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I have been investigating building web parts for sharepoint 2010 and currently have a single instance of SP2010 on the work servers. I would very much like to be able to test them locally (on my laptop) if possible, without having to install sharepoint 2010 on my laptop (is this even possible?!)

Is there a way to test web parts and do I need to install all/part of sharepoint on my laptop?


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up vote 5 down vote accepted

If your Web part is simply displayed in a SharePoint page, without using the SP API, you could simply host it in an ASP.NET page on your laptop, but this is not a common scenario.

One new feature of SP 2010 is the client API, i.e. a subset of the full API that can be used outside of the farm. If your usage of the API fits in this subset, this could be useful, but you will still need to access a SP server somewhere.

Another option is to put all the code that uses the SP API in something similar to a Database Access Layer which talks to SP on one hand and returns business objects (not lists or lists items). This way, you could simulate this part on your laptop and concentrate on the look of the Web part and its business rules, without SP. If this part is in its own DLL, the only reference to SP DLLs would be there, so the project on your laptop would not need to reference the SP DLLs.

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There are two ways: the good one and old-school.

The good way is to install Sharepoint Services (http://technet.microsoft.com/en-us/windowsserver/sharepoint/default.aspx) and deploy WP locally. It works only if you have Windows Vista or Seven. It is the most productive way so i recomend it.

Another way comes from SP2003 era... The idea is to develop custom Web Control, test it locally with IIS or just development server, and then to embed it into web part. The method is described here - http://www.reflectionit.nl/SmartPart.aspx . It's an old and painful method. Unfortunately we can't use (without troubles) Microsoft.Sharepoint.dll etc

P.S. Sorry for my English...

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I have windows 7 (32-bit) so I cant install sharepoint services. – Russell Mar 4 '10 at 0:00
Why not? Hope it will help: markwilson.co.uk/blog/2009/03/… weblogs.asp.net/gunnarpeipman/archive/2009/05/07/… Both articles are appliable to 32bit Windows7 – ILya Mar 4 '10 at 8:31
The articles are talking about SharePoint 2007 (specifically WSS3) - the OP is asking about SharePoint 2010 which is 64bit only. – Ryan Mar 4 '10 at 15:12

This came up at our office and we ended up installing Sharepoint Foundation on each developer's PC, which allows us to develop and debug locally. Here is the link that I used to get this working.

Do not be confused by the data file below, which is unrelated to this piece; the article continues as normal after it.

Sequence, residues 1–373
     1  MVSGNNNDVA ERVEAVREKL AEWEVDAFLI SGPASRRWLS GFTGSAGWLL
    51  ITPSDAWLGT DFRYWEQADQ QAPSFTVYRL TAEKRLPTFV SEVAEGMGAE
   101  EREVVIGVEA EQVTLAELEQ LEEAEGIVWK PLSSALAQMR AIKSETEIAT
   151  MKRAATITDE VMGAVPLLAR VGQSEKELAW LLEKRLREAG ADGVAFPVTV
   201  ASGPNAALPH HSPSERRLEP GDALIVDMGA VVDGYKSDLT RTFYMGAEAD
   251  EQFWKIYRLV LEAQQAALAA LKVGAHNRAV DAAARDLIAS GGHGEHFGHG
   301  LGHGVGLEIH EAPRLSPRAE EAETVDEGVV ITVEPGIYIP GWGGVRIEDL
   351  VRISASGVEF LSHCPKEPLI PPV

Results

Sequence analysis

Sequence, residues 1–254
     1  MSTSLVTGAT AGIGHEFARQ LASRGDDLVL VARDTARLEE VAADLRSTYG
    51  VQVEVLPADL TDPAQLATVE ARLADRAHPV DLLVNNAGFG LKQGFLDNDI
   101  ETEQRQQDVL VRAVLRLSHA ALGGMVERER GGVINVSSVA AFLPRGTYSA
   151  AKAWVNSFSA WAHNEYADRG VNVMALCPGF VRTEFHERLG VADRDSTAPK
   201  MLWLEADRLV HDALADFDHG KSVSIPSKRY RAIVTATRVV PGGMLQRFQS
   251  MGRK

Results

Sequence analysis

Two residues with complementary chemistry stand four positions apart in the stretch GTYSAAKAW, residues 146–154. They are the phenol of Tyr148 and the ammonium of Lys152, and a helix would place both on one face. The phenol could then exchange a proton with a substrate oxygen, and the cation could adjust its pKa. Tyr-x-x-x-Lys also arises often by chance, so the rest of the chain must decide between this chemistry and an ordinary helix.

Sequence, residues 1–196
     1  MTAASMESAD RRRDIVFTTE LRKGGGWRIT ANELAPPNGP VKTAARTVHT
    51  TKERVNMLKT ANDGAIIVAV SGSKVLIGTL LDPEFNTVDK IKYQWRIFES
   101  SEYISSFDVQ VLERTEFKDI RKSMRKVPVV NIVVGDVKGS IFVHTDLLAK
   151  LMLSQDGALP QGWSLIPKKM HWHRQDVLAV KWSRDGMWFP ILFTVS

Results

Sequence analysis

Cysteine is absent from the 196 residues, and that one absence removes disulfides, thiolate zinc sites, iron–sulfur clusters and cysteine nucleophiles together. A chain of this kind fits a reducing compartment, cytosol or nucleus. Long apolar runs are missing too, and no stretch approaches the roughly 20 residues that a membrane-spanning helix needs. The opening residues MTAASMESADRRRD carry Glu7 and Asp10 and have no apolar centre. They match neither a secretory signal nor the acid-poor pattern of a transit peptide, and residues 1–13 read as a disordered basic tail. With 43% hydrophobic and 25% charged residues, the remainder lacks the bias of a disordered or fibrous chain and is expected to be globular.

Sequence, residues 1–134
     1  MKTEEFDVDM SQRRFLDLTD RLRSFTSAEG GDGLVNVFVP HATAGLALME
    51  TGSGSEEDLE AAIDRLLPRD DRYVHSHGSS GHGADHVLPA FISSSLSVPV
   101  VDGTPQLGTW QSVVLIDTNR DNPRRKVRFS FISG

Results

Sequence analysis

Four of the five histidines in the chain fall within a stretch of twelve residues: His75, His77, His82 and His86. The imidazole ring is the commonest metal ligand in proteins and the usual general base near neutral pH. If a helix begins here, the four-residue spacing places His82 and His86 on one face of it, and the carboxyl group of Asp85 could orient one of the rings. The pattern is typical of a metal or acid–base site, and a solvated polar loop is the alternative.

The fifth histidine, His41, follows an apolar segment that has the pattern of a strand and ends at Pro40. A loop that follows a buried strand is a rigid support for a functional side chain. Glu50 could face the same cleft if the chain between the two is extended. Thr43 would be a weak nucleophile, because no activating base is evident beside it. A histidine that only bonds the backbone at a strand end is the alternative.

Setup Dev Env. For Sharepoint Foundation on Win 7

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I would say get a virtual machine.. but I dont think you can run 64bit VM's on a 32bit OS. You'll have to upgrade to 64bit.

I don't think there is a good way around this; you will spend a lot of time on something of questionable value if you do not install SharePoint either on your laptop or in a VM and do it the proper way.

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With VMWare you can run 64bit VM's on a 32bit OS – KoenVosters Mar 4 '10 at 13:22
Well there you go, a virtual machine it is.. – ArjanP Mar 5 '10 at 2:48

You can just swap out the inheritance from the SharePoint Web Part to the ASP.NET equivalent and back again - all the functionality is the same because the newer version was designed with backwards compatibility in mind. Use the ASP.NET version when testing on your laptop.

Here is some more info :-)


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Note quite true - SharePoint adds a LOT on top of ASP.NET so if you are using anything specific to SharePoint (like for examle reading data from a list) then you won't find the same interface in ASP.NET – Ryan Mar 4 '10 at 15:14
True, it depends on what you're doing. But in many cases, you can mock up this type of list data. – IrishChieftain Mar 4 '10 at 16:04
But you've then got the other 1000 SharePoint specific objects/methods that you might want to use. Not exactly just swapping over a few references for anything but the most trivial case. – Ryan Mar 4 '10 at 20:02
Good point, I've never actually done it on a laptop! Best bet would be to install SP on a VM depending on the specs of the laptop. When it involves a DC, I would be going back to the workstation :-) – IrishChieftain Mar 4 '10 at 20:29

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